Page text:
Environmetric data often include multiple sources of variation that can be described using a hierarchical Bayes method. When the model is sufficiently simple (e.g. a linear mixed model in which all random effects have a normal distribution with constant variance), the data can be expressed in the form of 3 with a variance–covariance matrix Σ that depends on the variance components. The model-based bootstrap of residuals described above can be used to generate bootstrap samples. If, in addition, the distributions of all random effects are specified, then a parametric bootstrap can be used [5, p. 100]. One example of a hierarchical parametric bootstrap for a complicated model is the construction of a confidence region for an evolutionary trajectory [21].

Nonparametric bootstrapping of hierarchical data is complicated by the need to estimate empirical distribution functions for two (or more) random variables. A simple example of the difficulty in constructing empirical distributions with the correct first and second moments is given in [5, pp. 100–101]. Although procedures can be derived for specific cases, there is currently no general nonparametric method for bootstrapping hierarchical data.

Bootstrap Theory

  1. Top of page
  2. Bootstrap Concepts
  3. A Menagerie of Bootstrap Confidence Intervals
  4. Extensions to Non-iid Data
  5. Bootstrap Theory
  6. Computation
  7. Example
  8. References

Bootstrap theory is an active area of statistical research. Detailed accounts of the theory of various forms of the bootstrap can be found in [5], [11], [15] and [28]. I provide a short introduction, without proofs, to the theory for a single parameter, estimated from a single sample of iid observations. Details and proofs can be found in [28].

Asymptotic properties can be derived for many different types of statistics. One of the most general approaches considers statistics that can be expressed as a function T of an empirical distribution of n observations Fn, i.e. statistics that can be written as Tn = T(Fn). The parameter is θ = T(F), where F is the distribution function of the population. Given appropriate differentiability of the function T and a bounded second moment for the influence function of T, then the bootstrap distribution FB(x) is a consistent estimator of the true sampling distribution Fθ(x) [28, pp. 80–86]. Given an extra constraint on the tails of the distribution of Tn, then the bootstrap estimate of variance equation image is a consistent estimator of the sampling variance of the parameter θ.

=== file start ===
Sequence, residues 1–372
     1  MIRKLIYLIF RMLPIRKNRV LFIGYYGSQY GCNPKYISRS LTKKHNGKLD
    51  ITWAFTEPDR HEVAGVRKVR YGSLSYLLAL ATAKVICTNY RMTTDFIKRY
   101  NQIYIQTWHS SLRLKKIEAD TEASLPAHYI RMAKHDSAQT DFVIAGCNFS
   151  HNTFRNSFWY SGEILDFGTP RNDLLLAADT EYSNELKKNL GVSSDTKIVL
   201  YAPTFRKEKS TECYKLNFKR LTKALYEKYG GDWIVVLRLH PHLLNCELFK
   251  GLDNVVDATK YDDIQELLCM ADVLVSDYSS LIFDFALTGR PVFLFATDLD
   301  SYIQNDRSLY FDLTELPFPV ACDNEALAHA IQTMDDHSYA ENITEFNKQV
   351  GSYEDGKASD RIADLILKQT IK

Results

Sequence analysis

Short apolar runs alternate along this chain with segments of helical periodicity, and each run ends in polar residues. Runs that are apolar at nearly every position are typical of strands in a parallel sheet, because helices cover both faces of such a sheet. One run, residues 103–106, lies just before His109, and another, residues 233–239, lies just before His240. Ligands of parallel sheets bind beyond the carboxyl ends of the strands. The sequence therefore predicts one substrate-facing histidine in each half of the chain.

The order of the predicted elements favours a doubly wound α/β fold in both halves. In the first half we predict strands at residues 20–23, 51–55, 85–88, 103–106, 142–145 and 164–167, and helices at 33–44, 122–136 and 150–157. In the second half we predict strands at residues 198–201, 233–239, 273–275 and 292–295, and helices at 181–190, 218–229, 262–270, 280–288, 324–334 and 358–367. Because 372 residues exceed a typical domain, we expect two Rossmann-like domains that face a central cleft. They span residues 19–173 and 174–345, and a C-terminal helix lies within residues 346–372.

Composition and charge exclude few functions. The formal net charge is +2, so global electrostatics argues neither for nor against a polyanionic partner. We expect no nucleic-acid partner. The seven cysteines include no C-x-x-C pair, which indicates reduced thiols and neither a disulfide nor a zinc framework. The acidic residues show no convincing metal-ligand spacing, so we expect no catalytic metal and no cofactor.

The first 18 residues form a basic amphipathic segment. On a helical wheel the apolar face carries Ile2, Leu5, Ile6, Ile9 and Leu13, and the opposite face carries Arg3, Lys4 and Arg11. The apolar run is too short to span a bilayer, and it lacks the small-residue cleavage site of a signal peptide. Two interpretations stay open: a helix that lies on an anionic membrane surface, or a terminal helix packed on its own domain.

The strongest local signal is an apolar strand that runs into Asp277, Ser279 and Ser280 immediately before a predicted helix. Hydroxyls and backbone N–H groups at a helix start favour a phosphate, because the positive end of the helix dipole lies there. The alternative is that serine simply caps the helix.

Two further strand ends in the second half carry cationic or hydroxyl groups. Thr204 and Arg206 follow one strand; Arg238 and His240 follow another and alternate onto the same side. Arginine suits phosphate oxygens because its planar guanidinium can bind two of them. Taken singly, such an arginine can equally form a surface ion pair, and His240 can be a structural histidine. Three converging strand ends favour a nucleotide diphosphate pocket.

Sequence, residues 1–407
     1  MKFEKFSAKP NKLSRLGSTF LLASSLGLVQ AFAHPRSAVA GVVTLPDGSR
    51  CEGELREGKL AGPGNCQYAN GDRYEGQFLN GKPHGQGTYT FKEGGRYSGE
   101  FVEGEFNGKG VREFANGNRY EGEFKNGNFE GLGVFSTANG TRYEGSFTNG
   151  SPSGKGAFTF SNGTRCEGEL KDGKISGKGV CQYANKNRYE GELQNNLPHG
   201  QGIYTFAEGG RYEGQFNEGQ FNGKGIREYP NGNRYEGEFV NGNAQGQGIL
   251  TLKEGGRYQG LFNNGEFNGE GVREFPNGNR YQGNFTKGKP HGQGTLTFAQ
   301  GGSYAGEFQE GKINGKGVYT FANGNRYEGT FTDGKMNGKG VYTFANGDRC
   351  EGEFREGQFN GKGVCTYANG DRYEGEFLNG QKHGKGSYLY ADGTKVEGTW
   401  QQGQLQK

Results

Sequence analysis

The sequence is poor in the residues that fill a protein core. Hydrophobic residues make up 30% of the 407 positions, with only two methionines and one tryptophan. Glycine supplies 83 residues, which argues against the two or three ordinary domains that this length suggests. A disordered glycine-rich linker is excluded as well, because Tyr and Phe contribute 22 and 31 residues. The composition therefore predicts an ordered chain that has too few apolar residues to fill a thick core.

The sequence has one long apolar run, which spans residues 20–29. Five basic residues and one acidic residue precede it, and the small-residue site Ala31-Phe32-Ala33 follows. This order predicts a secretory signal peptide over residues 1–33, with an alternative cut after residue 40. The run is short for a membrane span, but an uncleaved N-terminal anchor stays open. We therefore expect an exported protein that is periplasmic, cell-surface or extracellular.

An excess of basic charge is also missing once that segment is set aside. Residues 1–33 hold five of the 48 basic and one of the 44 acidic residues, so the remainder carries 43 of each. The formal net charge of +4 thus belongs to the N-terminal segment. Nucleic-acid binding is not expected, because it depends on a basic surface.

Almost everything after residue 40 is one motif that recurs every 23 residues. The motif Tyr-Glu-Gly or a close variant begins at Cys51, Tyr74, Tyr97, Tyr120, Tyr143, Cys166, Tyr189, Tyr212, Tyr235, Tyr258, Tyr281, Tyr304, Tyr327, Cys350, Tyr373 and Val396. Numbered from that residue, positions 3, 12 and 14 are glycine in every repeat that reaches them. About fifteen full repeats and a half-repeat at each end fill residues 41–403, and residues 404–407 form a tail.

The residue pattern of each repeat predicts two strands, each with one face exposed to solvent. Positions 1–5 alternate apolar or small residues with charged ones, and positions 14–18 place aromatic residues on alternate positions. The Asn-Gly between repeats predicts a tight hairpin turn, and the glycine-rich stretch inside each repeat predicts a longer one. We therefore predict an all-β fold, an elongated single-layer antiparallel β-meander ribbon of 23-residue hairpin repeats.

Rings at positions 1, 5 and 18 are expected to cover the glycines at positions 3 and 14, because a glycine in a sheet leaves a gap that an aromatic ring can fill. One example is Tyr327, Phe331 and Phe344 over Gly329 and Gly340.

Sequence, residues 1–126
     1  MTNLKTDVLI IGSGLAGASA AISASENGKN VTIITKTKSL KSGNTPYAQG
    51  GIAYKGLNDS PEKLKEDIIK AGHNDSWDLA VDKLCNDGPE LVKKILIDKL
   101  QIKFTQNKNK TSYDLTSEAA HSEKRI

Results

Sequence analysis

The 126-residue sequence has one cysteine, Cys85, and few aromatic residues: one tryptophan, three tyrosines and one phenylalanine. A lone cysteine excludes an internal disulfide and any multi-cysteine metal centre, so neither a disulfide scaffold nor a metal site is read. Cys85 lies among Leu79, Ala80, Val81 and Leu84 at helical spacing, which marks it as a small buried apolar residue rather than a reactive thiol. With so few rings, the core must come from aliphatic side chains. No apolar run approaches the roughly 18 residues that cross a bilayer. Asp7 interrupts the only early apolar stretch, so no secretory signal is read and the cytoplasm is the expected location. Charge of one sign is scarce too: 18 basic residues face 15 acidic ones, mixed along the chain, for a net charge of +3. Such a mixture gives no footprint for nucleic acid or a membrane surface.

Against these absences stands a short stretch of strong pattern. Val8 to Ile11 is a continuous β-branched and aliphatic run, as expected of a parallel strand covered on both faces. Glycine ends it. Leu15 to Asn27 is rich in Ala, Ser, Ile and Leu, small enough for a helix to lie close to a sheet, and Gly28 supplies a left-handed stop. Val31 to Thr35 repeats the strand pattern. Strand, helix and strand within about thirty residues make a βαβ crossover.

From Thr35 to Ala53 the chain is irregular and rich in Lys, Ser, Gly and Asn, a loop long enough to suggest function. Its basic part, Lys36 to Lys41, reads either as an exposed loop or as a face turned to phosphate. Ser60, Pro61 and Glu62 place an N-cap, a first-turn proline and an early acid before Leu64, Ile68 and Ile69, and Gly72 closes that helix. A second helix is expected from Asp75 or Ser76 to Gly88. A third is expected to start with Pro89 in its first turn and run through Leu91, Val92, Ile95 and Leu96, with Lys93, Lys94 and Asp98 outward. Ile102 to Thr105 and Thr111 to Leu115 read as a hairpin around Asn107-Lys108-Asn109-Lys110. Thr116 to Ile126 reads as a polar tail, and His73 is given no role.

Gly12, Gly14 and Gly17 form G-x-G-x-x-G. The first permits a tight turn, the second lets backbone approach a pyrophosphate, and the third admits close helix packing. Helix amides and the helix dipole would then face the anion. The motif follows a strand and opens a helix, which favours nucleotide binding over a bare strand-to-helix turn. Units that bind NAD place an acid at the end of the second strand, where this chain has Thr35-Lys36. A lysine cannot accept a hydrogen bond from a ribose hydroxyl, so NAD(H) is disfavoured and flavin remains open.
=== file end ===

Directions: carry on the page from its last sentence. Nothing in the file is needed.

Coverage accuracy, where coverage is the probability that a confidence interval includes θ, is the important property for a confidence interval procedure. Lower and upper bounds are considered separately, but their asymptotic properties are similar. Bootstrap confidence interval methods differ in their asymptotic properties. Percentile intervals are first-order accurate, i.e. equation image, where equation image is the estimated lower bound of a 1 − 2α% two-sided confidence interval [13, p. 187]. Both the studentized and BCa intervals are second-order accurate, i.e. equation image [13, p. 187].

Another comparison of confidence interval procedures is the relationship between Fθ(x) and a normal distribution. If the sampling distribution Fθ(x) is normal with known variance, then confidence intervals based on z-scores have the desired coverage and bootstrapping is not necessary. The percentile bootstrap limits are correct if Fθ(x) can be transformed to normality. In others words, there exists some monotone g(x) such that equation image, where ϕ = g(θ) and τ2 is a constant variance. Other bootstrap confidence interval procedures are correct under more general models for the distribution of equation image. For example, the BCa intervals are correct if equation image, where τϕ = 1 + aϕ, z0 is a bias correction coefficient and a is an acceleration coefficient [12, pp. 68–69].


  1. Top of page
  2. Bootstrap Concepts
  3. A Menagerie of Bootstrap Confidence Intervals
  4. Extensions to Non-iid Data
  5. Bootstrap Theory
  6. Computation
  7. Example
  8. References